A Functional Medicine Approach to Complex Diseases

William S. Queale, MD, MHS
Erin Prokop, CRNP

Many people suffer from complex diseases. Complex diseases are chronic conditions that cause multiple symptoms and often defy diagnosis with conventional medicine. They reduce quality of life and can lead to significant disability. At Personal Healthcare Providers, we feel that understanding and treating complex diseases requires looking at the body as a whole system. In addition to providing comprehensive primary care services, we utilize a clinical model called Functional Medicine to treat complex diseases. Many people are unfamiliar with Functional Medicine, so we’d like to provide an explanation to enhance your understanding.

Functional medicine is an operating system for health promotion, disease prevention, and complex disease management. It is based on the science of systems biology. In Functional Medicine, the body is viewed as an interconnected “system of systems”. The goal is to identify disordered function in any of its component systems. Disorder in one system can negatively impact other systems through feedback loops. Disordered system function is often identified through an extensive health history and traditional laboratory testing. However, functional medicine also incorporates advanced diagnostic testing when appropriate.

The health history in Functional Medicine includes identifying Antecedents, Triggers, and Mediators (ATMs). Antecedents are predisposing factors that impact health, such as your unique genetic makeup. They can set the stage for illness. Triggers are activators. They are things that happen during one’s life, such as infection, trauma, or even the loss of a loved one. A trigger may precede an illness. Mediators are things that perpetuate a health problem or prevent the body from healing. This could be an ongoing stressor, such as an environmental toxin or unhealthy relationship. ATMs are plotted on a timeline to help gain a better clinical picture of a patient’s health concern.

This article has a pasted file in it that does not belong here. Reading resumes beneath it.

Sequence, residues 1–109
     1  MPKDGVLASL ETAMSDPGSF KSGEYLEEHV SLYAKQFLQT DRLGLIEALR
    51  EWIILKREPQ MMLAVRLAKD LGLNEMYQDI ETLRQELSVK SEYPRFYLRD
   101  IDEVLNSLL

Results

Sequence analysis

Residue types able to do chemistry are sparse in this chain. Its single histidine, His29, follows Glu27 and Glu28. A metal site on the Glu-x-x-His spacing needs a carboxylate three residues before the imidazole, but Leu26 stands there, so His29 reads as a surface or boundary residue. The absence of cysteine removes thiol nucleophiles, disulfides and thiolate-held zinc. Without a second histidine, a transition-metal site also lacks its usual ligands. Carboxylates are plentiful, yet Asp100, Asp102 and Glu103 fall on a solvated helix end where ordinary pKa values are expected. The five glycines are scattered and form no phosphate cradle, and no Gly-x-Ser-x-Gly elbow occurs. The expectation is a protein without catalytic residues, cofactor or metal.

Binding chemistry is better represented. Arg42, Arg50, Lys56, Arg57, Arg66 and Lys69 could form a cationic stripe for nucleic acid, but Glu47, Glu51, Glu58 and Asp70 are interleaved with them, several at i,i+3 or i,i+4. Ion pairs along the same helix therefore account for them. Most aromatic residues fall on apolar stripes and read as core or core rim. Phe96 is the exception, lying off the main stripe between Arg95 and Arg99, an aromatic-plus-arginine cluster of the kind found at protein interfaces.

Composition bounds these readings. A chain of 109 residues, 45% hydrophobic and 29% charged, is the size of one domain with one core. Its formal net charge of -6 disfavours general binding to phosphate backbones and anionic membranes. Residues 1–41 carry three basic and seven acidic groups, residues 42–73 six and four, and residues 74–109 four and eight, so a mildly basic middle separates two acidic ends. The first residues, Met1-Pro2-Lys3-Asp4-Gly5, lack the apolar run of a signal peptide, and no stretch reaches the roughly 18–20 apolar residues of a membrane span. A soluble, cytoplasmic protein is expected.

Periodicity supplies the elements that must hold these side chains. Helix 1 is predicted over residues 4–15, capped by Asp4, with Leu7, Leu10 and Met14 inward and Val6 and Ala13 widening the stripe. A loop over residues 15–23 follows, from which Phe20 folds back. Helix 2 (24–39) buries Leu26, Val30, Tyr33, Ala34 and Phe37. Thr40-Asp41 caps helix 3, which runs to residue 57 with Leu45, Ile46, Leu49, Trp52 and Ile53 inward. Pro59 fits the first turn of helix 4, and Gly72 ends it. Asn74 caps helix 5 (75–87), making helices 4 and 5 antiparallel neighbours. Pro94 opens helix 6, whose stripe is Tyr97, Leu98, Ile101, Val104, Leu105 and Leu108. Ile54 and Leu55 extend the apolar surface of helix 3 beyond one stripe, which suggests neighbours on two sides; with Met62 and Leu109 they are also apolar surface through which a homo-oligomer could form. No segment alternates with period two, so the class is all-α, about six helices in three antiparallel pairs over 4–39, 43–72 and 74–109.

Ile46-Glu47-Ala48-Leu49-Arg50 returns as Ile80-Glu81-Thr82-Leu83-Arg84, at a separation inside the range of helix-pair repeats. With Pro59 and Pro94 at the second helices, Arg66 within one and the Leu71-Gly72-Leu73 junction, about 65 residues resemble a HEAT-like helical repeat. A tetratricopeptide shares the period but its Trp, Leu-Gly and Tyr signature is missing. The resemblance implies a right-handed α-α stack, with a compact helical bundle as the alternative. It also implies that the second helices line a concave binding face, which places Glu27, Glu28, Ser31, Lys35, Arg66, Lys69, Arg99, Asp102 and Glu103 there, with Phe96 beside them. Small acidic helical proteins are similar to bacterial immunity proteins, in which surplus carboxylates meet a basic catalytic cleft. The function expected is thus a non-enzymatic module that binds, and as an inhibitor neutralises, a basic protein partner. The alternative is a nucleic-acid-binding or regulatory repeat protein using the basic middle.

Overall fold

Another tool used in Functional Medicine is the Functional Medicine Matrix. The Matrix is basically a “network diagram” that shows the connections between the body’s component systems. Data from the health history are mapped onto the matrix, which helps the provider visualize which systems are impacted the most. Having this matrix helps identify additional areas of the body that need support.

The primary treatments in Functional Medicine are lifestyle interventions. There are five general interventions that are used to build a solid foundation of health. These include exercise, nutrition, meditation, sleep, and social relationships. Often, simply by changing lifestyle patterns, we can restore normal function to various systems. Even making basic lifestyle changes can reduce the severity of disease and improve one’s sense of well-being significantly. In addition to general lifestyle recommendations, we will also use personalized nutrition supplementation when indicated to improve system function.

The Functional Medicine model is gaining wider acceptance in conventional medicine. Currently, it is being studied at the Cleveland Clinic Center for Functional Medicine. In fact, a retrospective study published in JAMA in October 2019 demonstrated a benefit to patient self-reported quality of life outcomes using the functional medicine model to address health concerns.1

Complex diseases cause a significant amount of suffering and even frustration, especially when they defy treatment with conventional medicine. We believe a systems-based approach, like Functional Medicine, offers the best hope for treating complex diseases and we are excited to offer it in our practice.

1. Beidelschies M, Alejandro-Rodriguez M, Ji X, Lapin B, Hanaway P, Rothberg MB. Association of the Functional Medicine Model of Care with Patient-Reported Health-Related Quality-of-Life Outcomes. JAMA Netw Open. 2019 Oct 2;2(10):e1914017. doi: 10.1001/jamanetworkopen.2019.14017. PMID: 31651966; PMCID: PMC6822085.